Lenten Reflections on a Confederate General

. Posted in Pastor's Blog

I imagine all of us are familiar with the controversy swirling in our area over the renaming of Memphis parks that previously honored (or at least commemorated) those who fought on the side of the confederacy during the Civil War. One of these parks near the UT medical district was named for the confederate General Nathan Bedford Forrest. At the heart of the park is the statue of General Forrest mounted on his trusty steed with the confident look of a man watching his troops about to claim victory over the enemy.

As an article in Sunday’s The Commercial Appeal observed, students of history are still not sure about many of the facts of Nathan Bedford Forrest’s life. But this they do know: he was a slave trader in Memphis before the war, a brilliant military tactician during the war, and one of the founding members of the Ku Klux Klan after the war. Oh, and something else…in his later years, Nathan Bedford Forrest was a Cumberland Presbyterian.

Also, according to one historian, in his later years Forrest mellowed some. He may even have had a change of heart. As one contributor to the CA article noted, “Forrest disavowed the Klan’s racial hatred and actually advocated for ‘social as well as political advancement for blacks.’”

Even so, the Nathan Bedford Forrest in the Memphis park celebrates the earlier incarnation of the man—the former slave trader who fought (albeit brilliantly) to maintain the practice of buying, selling, and owning human beings. Certainly he was shaped by his times, as, in one way or another, we all are. But the Nathan Bedford Forrest that is most remembered, and that the Ku Klux Klan celebrates to this day, is one whose legacy should not be celebrated in this or any other community.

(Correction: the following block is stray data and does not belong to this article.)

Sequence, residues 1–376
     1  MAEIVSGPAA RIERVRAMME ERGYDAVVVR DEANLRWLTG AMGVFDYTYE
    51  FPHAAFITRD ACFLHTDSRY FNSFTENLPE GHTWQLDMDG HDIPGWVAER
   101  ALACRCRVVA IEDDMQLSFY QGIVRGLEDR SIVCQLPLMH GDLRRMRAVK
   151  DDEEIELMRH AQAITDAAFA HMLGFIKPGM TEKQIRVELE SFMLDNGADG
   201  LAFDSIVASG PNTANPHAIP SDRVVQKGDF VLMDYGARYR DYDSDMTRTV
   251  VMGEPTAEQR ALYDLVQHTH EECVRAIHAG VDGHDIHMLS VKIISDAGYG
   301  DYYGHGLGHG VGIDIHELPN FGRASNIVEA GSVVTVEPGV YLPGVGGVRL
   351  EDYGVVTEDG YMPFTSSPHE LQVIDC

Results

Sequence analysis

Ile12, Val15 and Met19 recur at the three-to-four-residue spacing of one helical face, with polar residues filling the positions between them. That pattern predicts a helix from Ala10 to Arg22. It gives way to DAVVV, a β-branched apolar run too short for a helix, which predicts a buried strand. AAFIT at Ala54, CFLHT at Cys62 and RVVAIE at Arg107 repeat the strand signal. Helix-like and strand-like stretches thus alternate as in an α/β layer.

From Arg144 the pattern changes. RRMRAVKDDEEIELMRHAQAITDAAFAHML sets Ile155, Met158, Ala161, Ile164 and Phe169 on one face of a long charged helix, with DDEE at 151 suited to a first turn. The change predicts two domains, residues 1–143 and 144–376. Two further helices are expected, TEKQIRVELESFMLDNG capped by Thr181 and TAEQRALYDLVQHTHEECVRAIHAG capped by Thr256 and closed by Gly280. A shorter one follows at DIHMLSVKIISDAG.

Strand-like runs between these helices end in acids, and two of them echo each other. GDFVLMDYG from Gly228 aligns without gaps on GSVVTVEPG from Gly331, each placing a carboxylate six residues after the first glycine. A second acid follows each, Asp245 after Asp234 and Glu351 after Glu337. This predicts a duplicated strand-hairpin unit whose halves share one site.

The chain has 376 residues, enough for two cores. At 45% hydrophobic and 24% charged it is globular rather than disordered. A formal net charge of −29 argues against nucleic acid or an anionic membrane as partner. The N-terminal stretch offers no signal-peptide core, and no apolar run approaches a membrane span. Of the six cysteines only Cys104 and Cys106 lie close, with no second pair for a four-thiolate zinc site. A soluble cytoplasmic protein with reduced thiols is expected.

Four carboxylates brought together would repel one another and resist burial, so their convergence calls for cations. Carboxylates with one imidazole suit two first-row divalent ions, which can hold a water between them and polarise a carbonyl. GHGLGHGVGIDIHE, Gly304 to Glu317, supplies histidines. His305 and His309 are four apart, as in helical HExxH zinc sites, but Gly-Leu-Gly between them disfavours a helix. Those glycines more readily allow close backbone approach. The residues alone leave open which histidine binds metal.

That said, I am intrigued by evidence that Forrest did have a change of heart as the result of a conversion experience near the time he came into the Cumberland Presbyterian Church. During this season of Lent, in which repentance and renewal in the way of Jesus is the focus, we are reminded that our earlier incarnations don’t have to be the last word. We are not bound to the mistakes and sins of our pasts. There is grace and the Spirit inviting us on a new adventure of faith no matter what our age.

Many of us will recall another former slave trader named John Newton who had a major course correction in the middle of his life, inspiring the words we often sing: “Amazing grace, how sweet the sound, That saved a wretch like me! I once was lost, but now am found, Was blind, but now I see.”

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